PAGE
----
‘The Perfect Stranger’ by P J Kavanagh (1966) – 213 pages Grade: A-
I hardly ever read memoirs. Both political and literary memoirs usually seem self serving to me, and I try to avoid them. However if a memoir does get exceptionally good press over many years, I might consider it. Once in a blue moon I’ll find a ‘Good-Bye to All That’, Robert Graves’ memoir of his World War I experiences, which has turned out to be one of my all-time favorite books.
After reading ‘The Perfect Stranger’, I am happy to announce it is blue moon time again. It took me almost fifty years to find this memoir and decide to read it, but the wait was worth it.
There are only a few internet references to ‘The Perfect Stranger’, but those are enthusiastic enough to realize that this book is a classic. It is also listed in the Independent’s Top Ten list of Literary Tearjerkers. It is actually in print and available on Amazon, contrary to what it says at the above link.
Like ‘Goodbye to All That’, ‘The Perfect Stranger’ was written by a young man in his thirties.
Kavanagh looks back to his youth with light humor, to his first teenage job as a Redcoat at a Butlin Holiday Camp, the highly structured and regimented English family vacation camp. There is a lot of comedy in these early memories, and it is usually at the expense of Kavanagh himself.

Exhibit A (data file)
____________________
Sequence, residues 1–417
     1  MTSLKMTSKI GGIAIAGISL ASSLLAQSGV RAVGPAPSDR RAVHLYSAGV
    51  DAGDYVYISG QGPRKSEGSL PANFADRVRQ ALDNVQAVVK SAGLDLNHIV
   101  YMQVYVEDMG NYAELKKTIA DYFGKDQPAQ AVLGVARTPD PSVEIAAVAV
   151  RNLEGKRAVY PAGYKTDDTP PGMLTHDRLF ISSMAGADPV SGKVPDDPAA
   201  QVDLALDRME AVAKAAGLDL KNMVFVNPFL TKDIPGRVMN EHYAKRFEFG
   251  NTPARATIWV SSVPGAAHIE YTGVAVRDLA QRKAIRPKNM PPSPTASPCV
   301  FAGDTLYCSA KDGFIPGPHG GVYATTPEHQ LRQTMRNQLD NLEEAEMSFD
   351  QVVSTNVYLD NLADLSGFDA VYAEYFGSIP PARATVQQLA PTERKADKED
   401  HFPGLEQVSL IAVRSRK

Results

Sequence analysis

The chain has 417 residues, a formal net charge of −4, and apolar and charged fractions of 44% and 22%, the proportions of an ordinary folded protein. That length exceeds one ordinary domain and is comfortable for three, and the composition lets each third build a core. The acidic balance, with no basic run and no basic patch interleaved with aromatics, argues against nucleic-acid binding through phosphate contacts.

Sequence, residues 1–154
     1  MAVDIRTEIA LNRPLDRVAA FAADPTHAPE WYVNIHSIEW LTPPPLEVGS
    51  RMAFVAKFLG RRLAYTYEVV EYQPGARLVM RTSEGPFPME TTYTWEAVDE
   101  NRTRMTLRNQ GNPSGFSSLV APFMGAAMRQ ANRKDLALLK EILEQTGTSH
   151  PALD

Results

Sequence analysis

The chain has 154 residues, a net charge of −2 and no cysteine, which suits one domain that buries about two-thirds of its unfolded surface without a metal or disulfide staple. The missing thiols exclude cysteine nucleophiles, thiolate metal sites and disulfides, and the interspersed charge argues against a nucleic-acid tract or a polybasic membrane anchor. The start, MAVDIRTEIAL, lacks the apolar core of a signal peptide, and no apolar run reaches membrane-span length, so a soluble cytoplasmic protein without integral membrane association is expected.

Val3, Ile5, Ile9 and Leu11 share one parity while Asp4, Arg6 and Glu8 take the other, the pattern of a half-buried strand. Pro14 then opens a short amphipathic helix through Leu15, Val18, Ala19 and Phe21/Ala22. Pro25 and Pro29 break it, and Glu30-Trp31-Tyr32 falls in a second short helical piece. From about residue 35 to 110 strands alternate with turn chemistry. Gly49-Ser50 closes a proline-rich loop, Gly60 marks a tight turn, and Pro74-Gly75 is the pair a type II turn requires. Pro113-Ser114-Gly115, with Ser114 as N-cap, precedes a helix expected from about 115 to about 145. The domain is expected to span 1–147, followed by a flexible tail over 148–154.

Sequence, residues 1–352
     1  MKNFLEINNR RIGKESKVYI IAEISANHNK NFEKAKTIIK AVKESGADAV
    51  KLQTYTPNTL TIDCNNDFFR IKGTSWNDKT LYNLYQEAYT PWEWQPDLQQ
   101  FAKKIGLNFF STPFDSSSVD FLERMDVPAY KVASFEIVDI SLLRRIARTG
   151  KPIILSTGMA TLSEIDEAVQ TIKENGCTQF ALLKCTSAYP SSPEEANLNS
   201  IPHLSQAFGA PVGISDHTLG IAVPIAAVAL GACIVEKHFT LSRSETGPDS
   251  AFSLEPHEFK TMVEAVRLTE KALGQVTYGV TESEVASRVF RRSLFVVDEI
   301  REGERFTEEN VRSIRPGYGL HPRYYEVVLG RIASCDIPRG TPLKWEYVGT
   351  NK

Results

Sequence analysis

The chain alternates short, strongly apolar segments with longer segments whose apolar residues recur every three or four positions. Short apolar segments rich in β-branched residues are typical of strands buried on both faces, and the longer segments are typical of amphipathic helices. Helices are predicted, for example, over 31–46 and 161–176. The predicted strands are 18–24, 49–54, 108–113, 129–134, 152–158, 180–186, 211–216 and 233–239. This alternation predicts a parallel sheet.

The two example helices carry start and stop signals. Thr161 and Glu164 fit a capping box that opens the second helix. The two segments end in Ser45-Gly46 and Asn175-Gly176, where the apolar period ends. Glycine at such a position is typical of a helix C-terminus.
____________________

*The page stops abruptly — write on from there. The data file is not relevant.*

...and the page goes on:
“The problem of how to make a beginning with a girl was much discussed between us in our chalet. It seemed insoluble because we took it for granted that nothing could be further from a girl’s mind, you had to apologize for your baseness and at the same time convince her it was a good idea. We pondered this, getting nowhere.”
Still he meets his first girlfriend who attempts to be “more feminine than anybody ever was”.
Perhaps the reason I enjoyed “The Perfect Stranger” so much is that P. J. Kavanagh and I share pretty much the same attitude. In the midst of a hugely important technical or military task, we are both all too likely to be sneaking off somewhere to read a novel by Franz Kafka, Leo Tolstoy, James Joyce, etc. Actually P. J. Kavanagh had the literary bug even worse than I did, because he was aiming to be a poet.
“I drifted incompetently in a world that became more and more incomprehensible.”
He fought in the Korean War facing a seemingly endless line of enemy Korean soldiers.
“I’d no desire to make life difficult for anyone, least of all myself, and within a few weeks the boredom was insupportable.”
Later ‘The Perfect Stranger’ turns into a romance as Kavanagh meets the love of his early life and future wife, Sally Phillips, who happened to be the daughter of English novelist Rosamond Lehmann. Hint: Sally is the Perfect Stranger.
So if you are looking for something light and fun but still at times sad and profound, you would do well to consider the memoir ‘The Perfect Stranger’.